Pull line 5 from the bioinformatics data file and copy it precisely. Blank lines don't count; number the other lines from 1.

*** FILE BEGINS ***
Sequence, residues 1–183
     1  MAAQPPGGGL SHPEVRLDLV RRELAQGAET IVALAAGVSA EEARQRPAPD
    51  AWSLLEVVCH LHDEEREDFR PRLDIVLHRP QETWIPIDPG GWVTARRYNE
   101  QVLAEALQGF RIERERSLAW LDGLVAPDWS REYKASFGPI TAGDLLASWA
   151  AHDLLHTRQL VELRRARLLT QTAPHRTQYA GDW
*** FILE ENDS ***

   151  AHDLLHTRQL VELRRARLLT QTAPHRTQYA GDW